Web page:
Outdoor Companies Adopt Green Poster Tech

Say goodbye to a classic term in the out-of-home media business: “30-sheets.”

Also known as posters, the most common, smaller billboard product is getting an eco-makeover. Not only are the new eco-posters completely recyclable, they look better because they’re printed on one continuous sheet rather than 30.

As of March 1, the three largest outdoor companies, Clear Channel, CBS Outdoor, and Lamar Advertising–which represent 65 percent of the nation’s 220,000 poster inventory–no longer accept the old 30-sheet posters, which require “paper and paste” to install and contribute about 150 million pounds annually to the nation’s landfills.

The companies will print the next-generation posters on polyethylene flexx, the most commonly-recycled plastic in the world. Once the posters come down, they are recycled into
railroad ties, for which there is plenty of demand.

Eco-posters represent the biggest change to the outdoor product since the 1980s, when vinyl was introduced to replace pure paint and paper on bulletins, the largest billboard product. “This reinvigorates the poster [product],” said Rocky Sisson, executive vp of sales and marketing at Clear Channel Outdoor. “Not only is it recyclable, it maintains its visible
integrity longer.” The old posters only lasted 30 days; eco-posters last 90 days.

Jill Nickerson, vp and director of out-of-home at Horizon Media, started using the eco-posters for a few clients in January and liked the results. “The reproductive qualities were fantastic and they were able to post much quicker than using paste,” she said.

But like any major product change, this one literally has its wrinkles that need to be ironed out. If the eco-poster isn’t properly installed (think of stretching a canvas across a frame), the poster can wrinkle in places.

Kinetic, the largest buyer of outdoor posters, found that out via its recent field audit in Chicago. “The reality is that there is a learning curve for the vendors, and the advertisers pay for it in the short term,” said John Connolly, Kinetic COO. “More testing on both the material and application technique should have been conducted on a larger scale before refusing paper and paste in major markets.”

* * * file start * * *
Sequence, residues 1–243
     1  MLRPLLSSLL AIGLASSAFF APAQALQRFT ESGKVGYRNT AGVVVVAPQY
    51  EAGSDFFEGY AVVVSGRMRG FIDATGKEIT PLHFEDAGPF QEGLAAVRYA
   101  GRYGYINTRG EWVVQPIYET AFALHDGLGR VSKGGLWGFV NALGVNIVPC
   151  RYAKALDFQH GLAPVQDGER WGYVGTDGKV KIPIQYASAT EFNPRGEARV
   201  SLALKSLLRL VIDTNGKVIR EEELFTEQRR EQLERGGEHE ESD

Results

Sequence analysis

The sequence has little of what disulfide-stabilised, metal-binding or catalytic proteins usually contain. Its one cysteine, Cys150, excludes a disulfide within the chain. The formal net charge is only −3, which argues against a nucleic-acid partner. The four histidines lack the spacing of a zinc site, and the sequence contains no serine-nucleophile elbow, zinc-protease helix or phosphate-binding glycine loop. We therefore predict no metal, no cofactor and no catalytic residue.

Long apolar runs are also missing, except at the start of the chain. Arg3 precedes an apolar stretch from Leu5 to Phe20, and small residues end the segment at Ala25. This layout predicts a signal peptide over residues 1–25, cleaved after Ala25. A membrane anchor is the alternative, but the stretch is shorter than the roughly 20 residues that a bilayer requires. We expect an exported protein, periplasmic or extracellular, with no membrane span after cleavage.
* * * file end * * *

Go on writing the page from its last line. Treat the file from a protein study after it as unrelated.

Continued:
Outdoor companies believe wrinkling is easily solved. “It’s usually a result of inexperienced installation. Once the installer has been trained correctly it is easily remedied,” said Tony Alwin, Clear Channel Outdoor’s senior vp of marketing.

Eco-posters also cost more. The outdoor companies argue that since they last longer, the cost increase is minimal. But that’s only if the poster is up for 90 days. Most advertisers change copy more frequently. Connolly estimated that for a 30-day poster the cost is about one and a half to two times more.

“It’s a little more expensive, but the cost will drop and come down within a few years,” said Bobby Switzer, vp of operations at Lamar Advertising. “If you take the [cost of the] space and production as a whole, it’s a fractional difference.”

Installation problems and cost issues aside, no one in the business wants to go back to the old product. “Everyone wants to make this happen. Who wouldn’t be for a greener business?” Connolly said. “If it performs as designed, it will be a far superior product.”